If it wasn’t for Josh Allen, I would be an outlier and go Kyler Murray. While I love his potential, it’s very optimistic to think he will explode in his second year after a very prosaic first one. Thankfully, I don’t need to go that route. Allen’s QB7 ADP makes this an easy answer for me. If there’s a candidate to become the next Mitchell Trubisky or Blake Bortles, it is indeed Josh Allen. Out of the 32 quarterbacks that started at least eight games in 2019, Allen’s 58.8% completion rate was second-worst to rookie Dwayne Haskins. This was a slight improvement compared to his rookie season, but most quarterbacks take a huge step forward as sophomores. Allen did not. Career-wise, Allen has only 6.6 yards per attempt with a 56.3% completion rate. This means he attempts shorter than average passes and completes them less often than most. Even Bortles and Trubisky have been better. Out of 50 quarterbacks who are currently starting, have just retired or are backups, Allen’s touchdowns to interception ratio is tied for sixth-worst. He’s tied with Bortles and Nick Mullens. He’s worse then Jameis Winston, Jeff Driskell, and Mason Rudolph.
The only thing helping Allen keep his job is the fact that Buffalo has a stellar defense, which has translated into wins. A similar situation as one Mr. Trubisky in Chicago. His rushing upside still entices people to draft Allen. Not only am I down on Allen in redraft leagues, but I fear his career as a starter may be in jeopardy if he doesn’t take a gigantic step forward as a passer. Teams do not have the same patience as they once did in the past. Allen will break many hearts in 2020. He will also devastate those who roster him in dynasty, similarly to those who thought Trubisky would turn things around. Allen is the biggest quarterback ADP trap in 2020.
– Marc Mathyk (@masterjune70)
Jared Goff (LAR): QB19 ECR
Rams QB Jared Goff is currently being drafted as a mid-tier QB2 based on his ECR of 19. While I don’t blame fantasy drafters for wanting steady production from the quarterback position, Goff offers almost no upside at his current ranking based on his inability to produce anything on the ground. He has thrown for over 4,600 yards the last two seasons. However, he regressed a bit last season, only throwing for 22 TDs compared to 32 in 2018. The passing TDs may normalize a bit back to the mean, but it’s unlikely he throws for more than 30 TDs in 2020. Now let’s look at his stats on the ground. Last season, Goff ran 33 times for 40 yards and two TDs. Those 1.2 yards per carry is not what I want from my fantasy quarterback. Compare that to Giants QB Daniel Jones, who is ranked similarly as a mid-tier QB2. Jones rushed 45 times for 279 yards and two TDs in just 13 games. That’s a whopping 6.2 yards per carry average. Jones could run the ball even more in 2020, leading to positive TD regression for the sophomore quarterback. Combine his lack of rushing ability with the departure of two key offensive players in Todd Gurley and Brandin Cooks, and you won’t find me drafting Goff at his current ADP. I’m not saying I don’t trust Goff to perform at his ADP, but I’d rather take a shot on guys like Jones, Gardner Minshew, or even Joe Burrow, all of whom offer more upside based on their ability to tuck it and run.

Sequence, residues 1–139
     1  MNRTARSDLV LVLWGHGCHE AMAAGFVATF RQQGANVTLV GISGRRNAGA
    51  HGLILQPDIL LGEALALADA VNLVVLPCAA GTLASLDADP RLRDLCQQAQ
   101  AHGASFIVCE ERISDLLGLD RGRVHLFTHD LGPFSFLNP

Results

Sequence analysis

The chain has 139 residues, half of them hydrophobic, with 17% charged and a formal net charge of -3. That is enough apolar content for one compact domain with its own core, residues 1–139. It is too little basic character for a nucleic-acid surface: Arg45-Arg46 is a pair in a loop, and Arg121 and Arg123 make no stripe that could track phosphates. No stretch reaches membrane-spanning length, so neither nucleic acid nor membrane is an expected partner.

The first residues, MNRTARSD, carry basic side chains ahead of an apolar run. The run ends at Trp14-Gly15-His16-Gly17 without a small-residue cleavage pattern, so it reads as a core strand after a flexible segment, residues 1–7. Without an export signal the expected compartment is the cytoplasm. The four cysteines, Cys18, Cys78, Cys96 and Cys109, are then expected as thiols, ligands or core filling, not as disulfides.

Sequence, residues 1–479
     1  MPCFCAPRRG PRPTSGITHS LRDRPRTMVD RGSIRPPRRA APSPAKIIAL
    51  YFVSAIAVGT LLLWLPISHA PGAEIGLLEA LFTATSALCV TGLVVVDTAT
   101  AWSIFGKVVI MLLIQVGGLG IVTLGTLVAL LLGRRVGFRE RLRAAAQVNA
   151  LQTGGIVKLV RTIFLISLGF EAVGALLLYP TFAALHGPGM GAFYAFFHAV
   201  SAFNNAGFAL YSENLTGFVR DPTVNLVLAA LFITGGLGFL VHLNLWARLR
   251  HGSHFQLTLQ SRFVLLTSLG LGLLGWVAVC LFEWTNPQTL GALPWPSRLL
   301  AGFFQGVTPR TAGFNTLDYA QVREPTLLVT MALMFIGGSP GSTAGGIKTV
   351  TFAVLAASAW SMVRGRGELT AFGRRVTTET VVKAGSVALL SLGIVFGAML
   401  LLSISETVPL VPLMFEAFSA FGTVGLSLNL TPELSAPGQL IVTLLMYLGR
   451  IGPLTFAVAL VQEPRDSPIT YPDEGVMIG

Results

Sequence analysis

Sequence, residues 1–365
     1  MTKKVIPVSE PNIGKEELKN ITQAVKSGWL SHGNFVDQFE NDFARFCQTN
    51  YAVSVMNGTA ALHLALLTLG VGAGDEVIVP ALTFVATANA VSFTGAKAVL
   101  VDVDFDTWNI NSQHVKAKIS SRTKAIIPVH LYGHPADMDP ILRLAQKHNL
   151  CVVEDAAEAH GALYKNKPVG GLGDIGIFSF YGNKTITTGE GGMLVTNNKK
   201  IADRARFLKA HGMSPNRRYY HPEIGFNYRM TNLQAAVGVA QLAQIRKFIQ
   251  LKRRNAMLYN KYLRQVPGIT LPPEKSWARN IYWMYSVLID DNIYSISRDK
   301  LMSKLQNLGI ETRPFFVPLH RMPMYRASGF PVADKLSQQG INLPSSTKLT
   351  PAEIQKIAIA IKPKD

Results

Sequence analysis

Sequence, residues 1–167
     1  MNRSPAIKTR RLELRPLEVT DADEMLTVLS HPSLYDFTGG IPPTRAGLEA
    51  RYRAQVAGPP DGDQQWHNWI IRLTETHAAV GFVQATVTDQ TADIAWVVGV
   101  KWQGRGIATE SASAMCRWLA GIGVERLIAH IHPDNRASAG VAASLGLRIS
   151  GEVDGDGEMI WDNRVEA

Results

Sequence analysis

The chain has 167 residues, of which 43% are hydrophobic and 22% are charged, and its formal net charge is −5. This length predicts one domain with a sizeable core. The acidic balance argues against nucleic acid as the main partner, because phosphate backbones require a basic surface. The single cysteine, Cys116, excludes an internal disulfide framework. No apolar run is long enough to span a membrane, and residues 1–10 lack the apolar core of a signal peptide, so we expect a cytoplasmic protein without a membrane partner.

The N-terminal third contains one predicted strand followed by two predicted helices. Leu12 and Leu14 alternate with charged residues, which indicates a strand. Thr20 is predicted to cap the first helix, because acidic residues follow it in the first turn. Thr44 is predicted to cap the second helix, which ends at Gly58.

– Adam Koffler (@AdamKoffler)
Carson Wentz (PHI): QB9
Carson Wentz sits at QB9 in the expert consensus rankings after finishing as the QB9 a season ago. While he is capable of a repeat finish, he is currently ranked at or near his ceiling. Looking ahead of Wentz in last season’s quarterback finishes, we see a list of names that Wentz is unlikely to surpass. Lamar Jackson, Patrick Mahomes, Dak Prescott, Kyler Murray, Deshaun Watson, and Russell Wilson are strong candidates to outpace Wentz, while Josh Allen gained Stefon Diggs during the offseason. Further, Drew Brees is likely to overtake Wentz assuming a fully healthy season from the long-time Saints leader. There is a bevy of capable signal-callers ranked behind Wentz, providing little incentive to spend a mid-round pick on him during draft day.
Wentz has missed eight games over the past three seasons, and his receiving corps has also been unable to remain healthy. DeSean Jackson missed most of last season, and Alshon Jeffery is a candidate to start this season on the PUP list. Such a stint would mandate that Jeffery misses at least the first six weeks. While some will roll their eyes at the thought of Jeffery being a significant loss, he was targeted 7.3 times per game last season, so Wentz heavily relied on him whenever healthy enough to suit up. Fortunately, the Eagles added depth and high-end talent at the draft. The most notable addition is first-round burner Jalen Reagor. However, head coach Doug Pederson has stated that Reagor will work behind Jackson until he is ready to handle more responsibility. Therefore, if Wentz does stay healthy himself, he may be forced to work with a limited set of weapons once again. The loss of right guard Brandon Brooks is worrisome, but the Eagles did bring back veteran Jason Peters to fill the void. This is still a net negative for the offensive line and will impact the entire offense. Wentz is a talented quarterback, making his ECR of QB9 a logical one. Nonetheless, he is unlikely to significantly outperform this ranking, and the injury risk associated with him and his pass-catchers should deter drafters from targeting the Eagles’ franchise quarterback.
– Mark McWhirter (@mmcw19)